Geoarchaeological tsunami deposits at Palaikastro (Crete) and the Late Minoan IA eruption of Santorini

Hendrik J. Bruins*, J. Alexander MacGillivray, Costas E. Synolakis, Chaim Benjamini, Joerg Keller, Hanan J. Kisch, Andreas Kleugel, Johannes van der Plicht, Andreas Klügel

*Corresponding author for this work

Research output: Contribution to journalReview articlepeer-review

130 Citations (Scopus)
1925 Downloads (Pure)

Abstract

The explosive eruption at Santorini in the Aegean Sea during the second millennium BCE was the largest Holocene volcanic upheaval in the Eastern Mediterranean region. The eruption was disastrous for the Minoan settlements at Santorini, but the effect on human society in the neighbouring islands and regions is still clouded in uncertainty. Tsunami generation was suggested, but comparatively little evidence was found. The lack of firm tsunami traces is particularly puzzling in Crete with its coastal settlements of the Late Minoan IA period, during which the Santorini eruption occurred. Here, we report the discovery of extensive geoarchaeological tsunami deposits at Palaikastro in north-eastern Crete. These deposits are characterized by a mixture of geological materials, including volcanic Santorini ash, and archaeological settlement debris. Various tsunami signatures were identified: (1) erosional contact with the underlying strata, (2) volcanic ash intraclasts in the lower part of the deposit, (3) reworked building stone material in the lower part of the deposit, (4) individual marine shells, (5) marine micro-fauna, (6) imbrication of rounded beach pebbles, settlement debris, ceramic sherds and even bones, (7) multi-modal chaotic composition. Late Minoan human settlement activities at Palaikastro provided architectural and stratigraphic frameworks in space and time that recorded and preserved tsunami evidence as geoarchaeological deposits. Such stratigraphic resolution and preservation may not occur in the natural landscape. Volcanic ash transported by wind from Santorini south-east to Crete preceded the tsunami. Geological, archaeological and radiocarbon dating criteria all converge, indicating that the tsunami deposits are coeval with the Minoan Santorini eruption. Field evidence suggests that tsunami waves at Palaikastro were at least 9 m high. Inverse tsunami modeling was attempted, based on these newly discovered tsunamigenic deposits. The initial wave in the generation region at Santorini that best fits the stratigraphic data is a wave with +35 to -15 m initial amplitude and a crest length of about 15 km. (C) 2007 Elsevier Ltd. All rights reserved.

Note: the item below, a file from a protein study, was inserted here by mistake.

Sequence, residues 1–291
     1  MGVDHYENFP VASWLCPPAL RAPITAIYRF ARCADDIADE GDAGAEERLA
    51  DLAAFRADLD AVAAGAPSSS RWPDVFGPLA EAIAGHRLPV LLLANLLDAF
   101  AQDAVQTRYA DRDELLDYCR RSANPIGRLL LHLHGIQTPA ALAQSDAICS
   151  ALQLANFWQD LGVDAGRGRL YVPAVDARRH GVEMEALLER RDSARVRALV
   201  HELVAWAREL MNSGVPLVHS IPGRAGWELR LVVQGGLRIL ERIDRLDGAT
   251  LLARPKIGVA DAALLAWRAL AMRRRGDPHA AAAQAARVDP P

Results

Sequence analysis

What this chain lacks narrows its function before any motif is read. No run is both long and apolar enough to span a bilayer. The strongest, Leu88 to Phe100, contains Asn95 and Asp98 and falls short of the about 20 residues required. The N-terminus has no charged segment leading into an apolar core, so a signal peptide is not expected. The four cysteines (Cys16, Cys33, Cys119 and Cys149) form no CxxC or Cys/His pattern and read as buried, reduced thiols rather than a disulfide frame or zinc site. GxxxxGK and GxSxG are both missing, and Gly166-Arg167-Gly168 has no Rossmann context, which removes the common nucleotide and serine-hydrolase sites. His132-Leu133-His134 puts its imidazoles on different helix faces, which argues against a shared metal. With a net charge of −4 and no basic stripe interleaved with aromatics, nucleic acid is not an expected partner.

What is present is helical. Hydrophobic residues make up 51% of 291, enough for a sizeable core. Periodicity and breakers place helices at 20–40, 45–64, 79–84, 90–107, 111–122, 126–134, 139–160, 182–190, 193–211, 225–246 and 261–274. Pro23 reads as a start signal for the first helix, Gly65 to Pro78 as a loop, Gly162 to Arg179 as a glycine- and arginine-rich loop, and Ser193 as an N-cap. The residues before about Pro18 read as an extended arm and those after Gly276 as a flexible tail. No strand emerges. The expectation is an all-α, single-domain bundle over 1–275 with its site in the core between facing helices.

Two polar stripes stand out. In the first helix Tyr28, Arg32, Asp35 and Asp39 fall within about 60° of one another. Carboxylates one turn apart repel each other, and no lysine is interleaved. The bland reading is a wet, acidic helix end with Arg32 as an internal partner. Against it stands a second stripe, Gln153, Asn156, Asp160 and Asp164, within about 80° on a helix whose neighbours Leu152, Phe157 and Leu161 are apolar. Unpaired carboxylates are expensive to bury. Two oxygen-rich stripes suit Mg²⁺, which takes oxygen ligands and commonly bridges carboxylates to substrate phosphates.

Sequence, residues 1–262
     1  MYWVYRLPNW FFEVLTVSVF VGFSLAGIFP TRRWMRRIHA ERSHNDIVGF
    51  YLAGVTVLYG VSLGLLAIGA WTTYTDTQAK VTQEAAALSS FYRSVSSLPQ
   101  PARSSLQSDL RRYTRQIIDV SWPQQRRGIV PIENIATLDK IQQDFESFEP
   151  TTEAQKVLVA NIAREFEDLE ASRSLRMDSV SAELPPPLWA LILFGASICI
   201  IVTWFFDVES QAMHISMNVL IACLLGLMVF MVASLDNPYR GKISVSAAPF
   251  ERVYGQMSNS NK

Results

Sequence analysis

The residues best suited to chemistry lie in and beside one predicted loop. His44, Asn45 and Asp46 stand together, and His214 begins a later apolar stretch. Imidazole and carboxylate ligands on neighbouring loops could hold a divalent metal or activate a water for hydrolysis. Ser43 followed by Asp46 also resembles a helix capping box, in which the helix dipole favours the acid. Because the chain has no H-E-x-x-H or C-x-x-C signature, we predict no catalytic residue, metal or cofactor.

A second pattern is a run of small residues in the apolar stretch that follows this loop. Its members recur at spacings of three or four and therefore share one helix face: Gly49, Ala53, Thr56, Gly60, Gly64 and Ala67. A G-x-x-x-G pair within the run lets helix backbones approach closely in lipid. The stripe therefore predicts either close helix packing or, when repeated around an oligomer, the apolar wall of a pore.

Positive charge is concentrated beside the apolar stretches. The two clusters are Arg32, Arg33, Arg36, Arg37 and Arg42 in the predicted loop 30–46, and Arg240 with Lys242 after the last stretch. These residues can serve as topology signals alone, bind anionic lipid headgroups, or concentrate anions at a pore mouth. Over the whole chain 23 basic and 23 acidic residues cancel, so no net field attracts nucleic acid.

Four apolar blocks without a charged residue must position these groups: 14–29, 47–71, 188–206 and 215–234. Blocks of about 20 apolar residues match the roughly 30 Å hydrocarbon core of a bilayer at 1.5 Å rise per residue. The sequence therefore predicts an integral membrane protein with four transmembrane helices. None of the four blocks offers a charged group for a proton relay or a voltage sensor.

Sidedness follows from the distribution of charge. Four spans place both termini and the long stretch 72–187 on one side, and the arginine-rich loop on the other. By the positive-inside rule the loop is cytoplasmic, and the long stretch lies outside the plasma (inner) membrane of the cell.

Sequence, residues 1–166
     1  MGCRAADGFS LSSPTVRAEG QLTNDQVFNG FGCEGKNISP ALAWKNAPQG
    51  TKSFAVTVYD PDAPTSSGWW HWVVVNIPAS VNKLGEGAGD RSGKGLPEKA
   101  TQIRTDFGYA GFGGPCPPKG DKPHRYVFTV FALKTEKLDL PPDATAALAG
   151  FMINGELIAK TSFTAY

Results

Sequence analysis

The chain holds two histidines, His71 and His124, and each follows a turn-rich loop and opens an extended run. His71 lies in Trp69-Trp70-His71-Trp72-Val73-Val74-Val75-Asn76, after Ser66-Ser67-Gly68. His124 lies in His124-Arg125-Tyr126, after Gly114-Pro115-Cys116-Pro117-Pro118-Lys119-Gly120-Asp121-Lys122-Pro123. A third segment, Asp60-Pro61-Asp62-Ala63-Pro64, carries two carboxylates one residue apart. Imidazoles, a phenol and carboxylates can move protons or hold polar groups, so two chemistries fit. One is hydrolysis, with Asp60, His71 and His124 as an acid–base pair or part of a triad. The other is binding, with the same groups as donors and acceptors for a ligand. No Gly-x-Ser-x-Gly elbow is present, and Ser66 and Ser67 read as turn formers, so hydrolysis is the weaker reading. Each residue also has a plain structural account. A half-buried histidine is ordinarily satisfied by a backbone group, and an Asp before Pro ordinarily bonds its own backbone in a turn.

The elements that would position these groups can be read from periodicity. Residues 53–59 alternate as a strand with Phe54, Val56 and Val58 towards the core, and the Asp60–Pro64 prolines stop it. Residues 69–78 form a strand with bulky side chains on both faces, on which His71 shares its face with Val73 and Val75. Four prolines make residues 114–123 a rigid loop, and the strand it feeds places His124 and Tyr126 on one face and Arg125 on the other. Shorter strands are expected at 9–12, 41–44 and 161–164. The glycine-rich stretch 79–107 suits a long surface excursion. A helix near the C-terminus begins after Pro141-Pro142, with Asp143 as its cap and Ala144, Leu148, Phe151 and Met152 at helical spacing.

Original languageEnglish
Pages (from-to)191-212
Number of pages22
JournalJournal of Archaeological Science
Volume35
Issue number1
DOIs
Publication statusPublished - Jan-2008

Keywords

  • Minoan Santorini eruption
  • Crete
  • geoarchaeological tsunami deposits
  • micromorphology
  • volcanic ash geochemistry
  • radiocarbon dating
  • tsunami modeling
  • BRONZE-AGE ERUPTION
  • NEW-GUINEA TSUNAMI
  • SEA-LEVEL CHANGES
  • SOUTHWEST TURKEY
  • LAKE-SEDIMENTS
  • TEPHRA
  • VOLCANO
  • GREECE
  • CHRONOLOGY
  • COAST

Cite this